Shark Week at Divers Direct


As ocean divers, we’re bound to encounter sharks at some point. Whereas having a healthy respect for these apex predators is good, being afraid of them can lead to... well... doing everything you’re not supposed to do in diving (aka panicking underwater).

If you’ve never had the pleasure of diving with sharks, you’re missing out on an educational experience. Know that these creatures behave differently on a shark dive than they do in other environments. Much like animals living in captivity or near urban areas, the sharks that live in areas where there are daily shark dives get used to being around divers and often put on a show. However, when you encounter a shark (or several) on a wreck or reef dive, they don’t tend to want you approaching them and they might see your eager approach as a threat. Remember that you’re diving into their world so give them the space and respect they deserve. 

Two Large Prehistoric Megalodon Shark Teeth

With over 500 species of sharks, there’s a lot to learn about these ocean dwellers. And though they all possess similar attributes and characteristics, they’re as different as we are.

How long have sharks been around?

Scientists believe that sharks have been around for about 455 million years (based on fossil scales that have been uncovered). Of the over 500 species, over 140 species of sharks are under threat and classified from ‘vulnerable’ to ‘critically endangered’.

Why are sharks important?

There are several reasons that Sharks are important. And all those reasons point to the fact that the health of our oceans depends on them. First, Sharks help to maintain the balance of our ocean ecosystems. While the predators help with population control, the bottom feeders and clean up crew work to keep our oceans clean. This contributes to the overall health of the oceans. 

Additionally, sharks can act as effective carbon sinks - a phenomenon wherein when they die, they sink to the bottom of the ocean. This is beneficial to us because most of the carbon and carbon dioxide in their bodies remains at the bottom of the sea with them rather than being released into the atmosphere and the air we breathe. This is true of all ocean creatures, and the larger the creature, the more carbon dioxide is  kept out of the atmosphere.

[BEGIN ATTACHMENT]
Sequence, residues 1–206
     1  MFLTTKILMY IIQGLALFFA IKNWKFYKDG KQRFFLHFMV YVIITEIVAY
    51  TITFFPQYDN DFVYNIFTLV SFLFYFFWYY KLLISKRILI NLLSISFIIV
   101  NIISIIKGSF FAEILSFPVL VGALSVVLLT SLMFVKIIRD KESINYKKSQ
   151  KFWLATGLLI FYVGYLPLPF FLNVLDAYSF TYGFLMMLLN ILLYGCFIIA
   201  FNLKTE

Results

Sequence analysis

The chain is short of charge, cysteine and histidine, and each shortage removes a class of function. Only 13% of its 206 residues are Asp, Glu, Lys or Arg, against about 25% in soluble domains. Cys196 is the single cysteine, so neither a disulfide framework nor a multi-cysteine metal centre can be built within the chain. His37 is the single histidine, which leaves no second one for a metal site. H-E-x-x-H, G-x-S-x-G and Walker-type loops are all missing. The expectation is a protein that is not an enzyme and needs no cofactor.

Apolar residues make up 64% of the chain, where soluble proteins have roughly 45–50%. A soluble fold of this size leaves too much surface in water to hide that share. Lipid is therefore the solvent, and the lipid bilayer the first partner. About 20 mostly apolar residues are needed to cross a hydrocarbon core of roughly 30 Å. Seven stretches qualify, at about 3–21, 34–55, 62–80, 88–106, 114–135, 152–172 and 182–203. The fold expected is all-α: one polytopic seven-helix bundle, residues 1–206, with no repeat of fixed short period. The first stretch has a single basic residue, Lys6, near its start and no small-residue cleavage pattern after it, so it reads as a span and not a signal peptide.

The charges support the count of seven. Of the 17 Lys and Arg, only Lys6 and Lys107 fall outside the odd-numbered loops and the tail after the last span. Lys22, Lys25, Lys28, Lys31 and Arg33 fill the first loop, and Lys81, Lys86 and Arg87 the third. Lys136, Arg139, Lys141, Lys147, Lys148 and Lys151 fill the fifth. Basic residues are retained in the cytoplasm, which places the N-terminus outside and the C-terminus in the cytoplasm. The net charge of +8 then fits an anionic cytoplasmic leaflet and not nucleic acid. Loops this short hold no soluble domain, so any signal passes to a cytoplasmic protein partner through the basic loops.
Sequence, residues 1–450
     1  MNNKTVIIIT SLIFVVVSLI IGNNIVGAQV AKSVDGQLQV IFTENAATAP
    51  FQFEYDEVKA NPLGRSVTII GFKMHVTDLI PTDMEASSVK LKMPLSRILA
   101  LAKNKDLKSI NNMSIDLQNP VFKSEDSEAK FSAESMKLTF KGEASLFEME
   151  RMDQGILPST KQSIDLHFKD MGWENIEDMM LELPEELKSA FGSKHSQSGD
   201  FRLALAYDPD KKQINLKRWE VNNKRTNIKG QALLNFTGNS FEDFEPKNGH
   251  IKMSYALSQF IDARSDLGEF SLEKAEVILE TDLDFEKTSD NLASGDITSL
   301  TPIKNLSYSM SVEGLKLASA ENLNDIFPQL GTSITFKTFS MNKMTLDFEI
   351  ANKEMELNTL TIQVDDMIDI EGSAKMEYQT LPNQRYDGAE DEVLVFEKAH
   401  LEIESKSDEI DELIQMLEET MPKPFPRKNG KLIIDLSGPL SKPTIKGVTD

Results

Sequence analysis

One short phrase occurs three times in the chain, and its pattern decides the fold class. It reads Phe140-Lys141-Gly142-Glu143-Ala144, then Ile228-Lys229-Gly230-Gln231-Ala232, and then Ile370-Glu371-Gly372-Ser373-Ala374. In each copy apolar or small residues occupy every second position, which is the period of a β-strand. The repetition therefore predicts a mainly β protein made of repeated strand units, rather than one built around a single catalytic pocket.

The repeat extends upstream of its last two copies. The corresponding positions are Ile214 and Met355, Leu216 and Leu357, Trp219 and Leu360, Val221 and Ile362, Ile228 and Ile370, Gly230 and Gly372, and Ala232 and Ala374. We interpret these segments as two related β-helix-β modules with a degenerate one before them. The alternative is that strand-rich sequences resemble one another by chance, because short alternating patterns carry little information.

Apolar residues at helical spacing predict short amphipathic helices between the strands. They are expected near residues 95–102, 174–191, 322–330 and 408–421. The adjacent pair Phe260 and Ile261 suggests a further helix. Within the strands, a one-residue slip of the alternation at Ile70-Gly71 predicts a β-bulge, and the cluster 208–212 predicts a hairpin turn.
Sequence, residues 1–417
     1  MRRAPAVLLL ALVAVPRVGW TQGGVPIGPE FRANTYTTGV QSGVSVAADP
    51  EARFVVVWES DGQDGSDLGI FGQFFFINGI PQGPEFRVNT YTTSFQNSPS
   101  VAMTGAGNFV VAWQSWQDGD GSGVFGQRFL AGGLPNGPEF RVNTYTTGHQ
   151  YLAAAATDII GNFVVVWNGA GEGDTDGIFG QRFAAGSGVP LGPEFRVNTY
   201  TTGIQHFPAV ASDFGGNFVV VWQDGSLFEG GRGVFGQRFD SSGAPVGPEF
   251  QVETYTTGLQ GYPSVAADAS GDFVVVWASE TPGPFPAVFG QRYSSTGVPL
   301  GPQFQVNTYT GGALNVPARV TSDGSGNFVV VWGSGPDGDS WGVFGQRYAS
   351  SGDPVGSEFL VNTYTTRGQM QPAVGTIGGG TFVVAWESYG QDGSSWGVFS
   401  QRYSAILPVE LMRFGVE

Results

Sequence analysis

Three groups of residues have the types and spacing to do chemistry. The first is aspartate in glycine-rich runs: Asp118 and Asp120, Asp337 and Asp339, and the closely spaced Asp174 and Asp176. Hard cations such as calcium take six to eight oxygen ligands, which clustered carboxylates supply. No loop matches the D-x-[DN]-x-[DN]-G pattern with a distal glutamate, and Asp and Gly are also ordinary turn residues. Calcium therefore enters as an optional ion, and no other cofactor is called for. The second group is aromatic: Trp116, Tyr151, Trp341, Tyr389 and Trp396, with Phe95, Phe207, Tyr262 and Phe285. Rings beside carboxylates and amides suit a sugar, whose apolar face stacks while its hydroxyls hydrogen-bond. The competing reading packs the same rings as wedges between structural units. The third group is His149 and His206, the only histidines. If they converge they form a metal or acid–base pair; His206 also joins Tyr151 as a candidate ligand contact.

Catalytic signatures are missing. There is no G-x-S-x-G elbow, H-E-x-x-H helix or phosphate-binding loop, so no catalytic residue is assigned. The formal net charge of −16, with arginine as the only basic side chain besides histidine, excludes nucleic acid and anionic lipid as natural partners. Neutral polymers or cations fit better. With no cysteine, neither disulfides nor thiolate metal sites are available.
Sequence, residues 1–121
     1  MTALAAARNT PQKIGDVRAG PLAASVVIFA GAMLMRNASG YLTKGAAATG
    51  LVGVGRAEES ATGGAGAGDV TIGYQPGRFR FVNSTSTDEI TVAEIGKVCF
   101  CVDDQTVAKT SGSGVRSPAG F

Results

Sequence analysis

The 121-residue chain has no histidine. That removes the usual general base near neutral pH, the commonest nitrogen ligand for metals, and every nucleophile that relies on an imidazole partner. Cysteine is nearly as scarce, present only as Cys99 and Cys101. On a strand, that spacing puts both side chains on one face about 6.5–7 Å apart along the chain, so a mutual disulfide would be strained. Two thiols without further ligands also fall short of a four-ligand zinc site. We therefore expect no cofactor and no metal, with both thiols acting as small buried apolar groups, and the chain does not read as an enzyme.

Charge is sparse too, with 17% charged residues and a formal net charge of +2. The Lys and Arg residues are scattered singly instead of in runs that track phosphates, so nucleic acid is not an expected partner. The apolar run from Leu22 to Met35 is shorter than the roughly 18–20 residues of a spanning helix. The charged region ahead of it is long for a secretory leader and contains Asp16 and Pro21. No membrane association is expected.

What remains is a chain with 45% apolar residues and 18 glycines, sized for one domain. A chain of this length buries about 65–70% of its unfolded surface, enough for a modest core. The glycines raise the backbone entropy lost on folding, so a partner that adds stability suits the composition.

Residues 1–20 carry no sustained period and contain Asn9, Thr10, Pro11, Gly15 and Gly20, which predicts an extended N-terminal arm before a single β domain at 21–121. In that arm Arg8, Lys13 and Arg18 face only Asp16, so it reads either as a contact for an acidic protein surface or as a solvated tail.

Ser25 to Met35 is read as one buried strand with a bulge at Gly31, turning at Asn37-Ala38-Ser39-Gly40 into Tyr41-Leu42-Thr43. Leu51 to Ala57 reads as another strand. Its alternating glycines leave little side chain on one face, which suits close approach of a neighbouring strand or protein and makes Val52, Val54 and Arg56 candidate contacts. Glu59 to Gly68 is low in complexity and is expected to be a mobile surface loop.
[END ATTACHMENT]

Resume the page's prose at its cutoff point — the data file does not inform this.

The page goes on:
Finally, sharks help to move key nutrients for other ocean dwellers due to how they live. Their migration patterns as well as their travels between the depths and surface allows these nutrients to travel along with them and move through the ocean. If all those other sea dwellers couldn’t get these key nutrients, the impact could be devastating to life above and below the surface. Sharks help to keep a balance in the food chain.

All of these factors play into why we need sharks and why they need to be protected. 

What about those shark teeth?

Note that not all sharks have the same teeth. Some have pointy narrow teeth while others have triangular, serrated teeth. Additionally, some have one row of teeth while other species have multiple rows. Unlike humans, sharks lose and grow new teeth (thousands of them) all the time. Some species will grow (and lose) around 35,000 teeth in their lifetime. This is why it’s relatively easy to find shark teeth on the beach and the ocean floor.

And though a Great White shark’s bite is equivalent to about 4,000 pounds per square inch (OUCH!), you’re more likely to be killed by a champagne cork than a shark.

Do sharks lay eggs?

Yes and no. While some shark species lay eggs, others give birth much like humans do. Interestingly, the ones who lay eggs don’t stick around to care for them so they’re on their own before they even hatch. 

How do scientists know how old sharks are?

Scientists count the shark’s vertebrae, kind of like counting the rings of a tree trunk to determine its age. Since sharks don’t have bones, their vertebrae are made up of concentric pairs of cartilage or opaque, translucent bands. Though it sounds simple, scientists have to keep up to date on each species to determine how often these band pairs form so they are aging the sharks correctly. Oddly enough, how often the band pairs form can change over time. Scientists work to validate the actual rate of the bands forming for each species so they can get as close as possible to the shark’s age.

Do sharks have a sixth sense?

Yes. The ampullae of Lorenzini are located within sharks’ head and are used to sense the electric fields created by other animals in the water. This ‘sixth sense’ allows them to hone in on their prey and attack. These special electroreceptor organs also allow sharks to sense temperature shifts in the ocean. It’s all about survival. 

In summary

These weird and wonderful creatures live in most ocean environments, from warm tropical climates to under the arctic ice. Did you know that the smallest shark (dwarf lantern shark) is about the size of your hand and the largest (whale shark) is about 39 feet long and is actually the largest fish in the sea? Varying dramatically in size, sharks are key to healthy oceans and a healthy planet.